Sometimes, advancements in modern technology can be simultaneously awesome and terrifying, like military robots that seem to portend Terminator-like AI warfare within a few short decades. Well, now we can add night vision goggles to that list. Marine rifle squads will soon be testing the Army’s Enhanced Night Vision Goggle-Binocular, or ENVG-B, which creates glowing outlines of human figures in even the darkest settings.

The Army's Enhanced Night Vision Goggle-Binocular (ENVG-B)

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The technology itself is jaw-dropping. Videos demonstrating its use by the US Army’s Lancer Brigade of Joint Base Lewis-McChord in Washington state look like nothing we’ve ever seen before outside of sci-fi movies. Whereas traditional night vision provides fuzzy green shapes in a sea of black, the ENVG-B goggles developed alongside L3Harris Technologies offer ultra-bright contrast. When weapons are fired, they shoot out a vivid blue glow like a Ghostbusters proton pack.

The effects come from a combination of different technologies that improve upon the older version. First developed in the 1930s, conventional night vision technology picks up any ambient light that’s available (like the reflection of the moon) and passes it through a device that transforms photons into electrons. When the electrons hit a tube covered in fluorescent substance phosphor, they create brighter images in a light green shade the human eye is easily able to perceive. The new ENVG-B uses white phosphor tubes for better contrast, but that’s not the only way they propel this tech into the 21st century.

Seeing through the Army's Enhanced Night Vision Goggle-Binocular (ENVG-B) is like watching a scene straight from a sci-fi movie.

Seeing through the Army's Enhanced Night Vision Goggle-Binocular (ENVG-B) is like watching a scene straight from a sci-fi movie.

A thermal imager also enables the goggles to see through visual obstructions like dust and smoke, even in subterranean spaces with absolutely zero illumination. Augmented reality enhancements create real-time edge detection, revealing the location and movement of human figures, weaponry, and vehicles. The goggles also feature a dual-tubed binocular system, so soldiers can choose to either pair what they see through the goggles with what they see with their own eyes, or take advantage of the full depth perception stereo vision offers.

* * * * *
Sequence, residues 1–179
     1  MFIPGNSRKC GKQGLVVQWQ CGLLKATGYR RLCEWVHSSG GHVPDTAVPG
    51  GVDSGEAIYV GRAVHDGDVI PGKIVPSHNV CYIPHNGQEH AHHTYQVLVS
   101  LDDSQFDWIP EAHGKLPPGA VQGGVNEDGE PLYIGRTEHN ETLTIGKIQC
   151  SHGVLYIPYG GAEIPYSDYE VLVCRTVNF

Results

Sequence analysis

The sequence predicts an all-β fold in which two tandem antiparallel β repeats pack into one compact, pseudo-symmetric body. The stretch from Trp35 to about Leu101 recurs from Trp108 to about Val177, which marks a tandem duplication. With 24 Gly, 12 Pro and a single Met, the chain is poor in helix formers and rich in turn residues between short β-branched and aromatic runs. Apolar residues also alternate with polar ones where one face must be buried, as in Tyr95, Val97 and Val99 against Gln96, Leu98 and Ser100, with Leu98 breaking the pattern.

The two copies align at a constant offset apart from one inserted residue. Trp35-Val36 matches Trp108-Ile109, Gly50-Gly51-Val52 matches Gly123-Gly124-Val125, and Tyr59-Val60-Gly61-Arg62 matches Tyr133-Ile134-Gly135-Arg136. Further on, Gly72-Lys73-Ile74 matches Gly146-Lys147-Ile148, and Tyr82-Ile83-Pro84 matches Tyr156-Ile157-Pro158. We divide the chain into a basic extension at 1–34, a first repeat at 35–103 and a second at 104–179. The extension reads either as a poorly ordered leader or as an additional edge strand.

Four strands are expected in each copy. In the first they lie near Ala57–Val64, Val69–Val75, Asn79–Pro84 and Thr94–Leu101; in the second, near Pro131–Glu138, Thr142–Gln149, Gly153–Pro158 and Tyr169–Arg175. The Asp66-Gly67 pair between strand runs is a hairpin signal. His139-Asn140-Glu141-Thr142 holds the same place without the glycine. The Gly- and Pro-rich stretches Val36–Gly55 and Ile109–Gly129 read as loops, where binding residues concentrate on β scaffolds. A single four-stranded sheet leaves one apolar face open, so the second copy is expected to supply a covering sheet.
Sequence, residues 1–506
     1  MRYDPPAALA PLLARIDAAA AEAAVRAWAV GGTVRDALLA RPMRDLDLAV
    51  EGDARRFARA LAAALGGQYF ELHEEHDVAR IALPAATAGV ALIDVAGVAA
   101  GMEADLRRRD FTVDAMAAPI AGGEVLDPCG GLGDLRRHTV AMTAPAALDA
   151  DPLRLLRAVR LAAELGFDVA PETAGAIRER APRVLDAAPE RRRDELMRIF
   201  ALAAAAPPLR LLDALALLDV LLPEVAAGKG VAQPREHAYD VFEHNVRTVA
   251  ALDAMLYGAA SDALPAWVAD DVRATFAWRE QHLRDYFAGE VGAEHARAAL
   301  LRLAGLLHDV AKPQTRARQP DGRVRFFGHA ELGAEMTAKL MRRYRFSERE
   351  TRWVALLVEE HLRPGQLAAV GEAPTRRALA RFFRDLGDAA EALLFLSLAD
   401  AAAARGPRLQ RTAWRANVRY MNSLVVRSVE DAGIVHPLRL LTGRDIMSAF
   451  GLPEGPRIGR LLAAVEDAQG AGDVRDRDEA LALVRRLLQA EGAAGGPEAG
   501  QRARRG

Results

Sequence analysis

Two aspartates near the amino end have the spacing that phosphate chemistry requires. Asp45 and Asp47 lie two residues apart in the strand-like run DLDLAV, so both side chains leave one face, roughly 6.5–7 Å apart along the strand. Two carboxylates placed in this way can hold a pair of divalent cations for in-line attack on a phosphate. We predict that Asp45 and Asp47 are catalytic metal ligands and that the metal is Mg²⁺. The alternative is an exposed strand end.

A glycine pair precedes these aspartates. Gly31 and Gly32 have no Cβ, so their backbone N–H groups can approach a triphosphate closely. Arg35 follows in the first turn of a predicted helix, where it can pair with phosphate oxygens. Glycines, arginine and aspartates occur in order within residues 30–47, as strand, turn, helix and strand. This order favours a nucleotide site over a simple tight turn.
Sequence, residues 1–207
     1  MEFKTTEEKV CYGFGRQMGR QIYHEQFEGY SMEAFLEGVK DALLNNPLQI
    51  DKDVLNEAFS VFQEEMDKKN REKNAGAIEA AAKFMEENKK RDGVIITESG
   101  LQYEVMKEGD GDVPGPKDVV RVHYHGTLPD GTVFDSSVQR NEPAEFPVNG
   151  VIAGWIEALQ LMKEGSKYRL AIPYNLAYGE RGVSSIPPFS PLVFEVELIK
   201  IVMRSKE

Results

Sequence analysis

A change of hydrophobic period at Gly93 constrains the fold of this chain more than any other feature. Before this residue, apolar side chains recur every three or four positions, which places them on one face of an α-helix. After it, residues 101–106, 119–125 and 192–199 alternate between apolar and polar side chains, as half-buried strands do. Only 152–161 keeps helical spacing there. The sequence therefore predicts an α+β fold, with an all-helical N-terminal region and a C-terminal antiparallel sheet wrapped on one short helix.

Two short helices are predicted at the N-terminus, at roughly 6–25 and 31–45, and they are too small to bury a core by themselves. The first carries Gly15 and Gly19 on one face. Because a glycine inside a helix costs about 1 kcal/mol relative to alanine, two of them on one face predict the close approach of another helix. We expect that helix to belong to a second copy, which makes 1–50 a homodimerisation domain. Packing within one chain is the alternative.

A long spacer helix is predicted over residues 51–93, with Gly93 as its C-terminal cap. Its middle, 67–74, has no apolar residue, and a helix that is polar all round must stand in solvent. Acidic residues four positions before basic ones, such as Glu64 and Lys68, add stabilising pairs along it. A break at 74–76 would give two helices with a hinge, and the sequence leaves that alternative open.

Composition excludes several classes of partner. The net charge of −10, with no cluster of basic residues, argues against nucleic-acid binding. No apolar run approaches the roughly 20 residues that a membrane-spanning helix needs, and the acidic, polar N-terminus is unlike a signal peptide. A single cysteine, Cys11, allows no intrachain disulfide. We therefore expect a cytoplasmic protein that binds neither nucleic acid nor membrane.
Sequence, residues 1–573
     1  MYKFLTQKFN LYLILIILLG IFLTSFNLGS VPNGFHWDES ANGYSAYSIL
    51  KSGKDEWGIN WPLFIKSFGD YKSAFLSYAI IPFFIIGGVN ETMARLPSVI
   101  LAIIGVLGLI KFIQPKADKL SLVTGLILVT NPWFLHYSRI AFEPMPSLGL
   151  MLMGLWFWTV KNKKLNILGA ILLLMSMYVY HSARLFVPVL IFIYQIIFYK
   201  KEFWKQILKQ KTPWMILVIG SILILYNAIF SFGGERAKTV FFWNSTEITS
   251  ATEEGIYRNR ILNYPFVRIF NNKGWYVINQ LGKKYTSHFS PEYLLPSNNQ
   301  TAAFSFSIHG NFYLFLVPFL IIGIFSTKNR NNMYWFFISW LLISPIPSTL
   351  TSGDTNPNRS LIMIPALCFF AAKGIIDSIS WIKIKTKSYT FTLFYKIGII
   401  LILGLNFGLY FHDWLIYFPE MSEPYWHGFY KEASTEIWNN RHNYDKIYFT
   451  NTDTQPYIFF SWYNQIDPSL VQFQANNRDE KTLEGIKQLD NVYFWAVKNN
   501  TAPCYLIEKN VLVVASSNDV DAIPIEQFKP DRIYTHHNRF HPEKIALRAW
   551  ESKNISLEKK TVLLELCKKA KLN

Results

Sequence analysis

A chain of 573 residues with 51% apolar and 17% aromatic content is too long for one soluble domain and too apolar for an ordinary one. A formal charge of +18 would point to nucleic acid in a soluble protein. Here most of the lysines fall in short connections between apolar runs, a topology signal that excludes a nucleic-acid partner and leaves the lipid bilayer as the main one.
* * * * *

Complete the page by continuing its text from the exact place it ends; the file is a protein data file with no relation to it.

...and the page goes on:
The ENVG-B goggles can communicate wirelessly with electronic scopes on weapons, allowing soldiers to aim at targets without exposing themselves physically. In practice, that will mean they can raise their weapons above a trench or around a corner and fire with deadly accuracy.

This system signifies an evolution in technology that stems from innovative and collaborative efforts between Program Executive Office Soldier (PEO Soldier), Soldier Lethality Cross Functional Team (SL-CFT), and Army Futures Command (AFC). Additionally, it successfully demonstrates the rapid prototyping process to meet the Army’s modernization priorities and is the first program to deliver an Army Futures Command capability set,” says the US Army. “Ultimately, the ENVG-B increases the warfighters’ lethality, mobility, and situational awareness through innovative and state-of-the-art capabilities. Soldier feedback was incorporated into forming the design and functions of the ENVG-B through events called Soldier Touchpoints. The ENVG-B is made for soldiers and designed by soldiers.”

Soldier dons the Army's Enhanced Night Vision Goggle-Binocular (ENVG-B)

There’s no hiding from these things, and that’s what makes them kind of scary. It all sounds great taken in the context of safety and security, especially since it could reduce soldier fatalities in battle. But considered alongside other new military tech, which could soon include micro-drones and robotic super soldiers, there’s a worrying sense that war could feel more like a video game overall to the people in charge of the weaponry, further detaching soldiers from the reality of human casualties. Let’s not even go into what all of this could mean if our future ends up looking anything like Minority Report.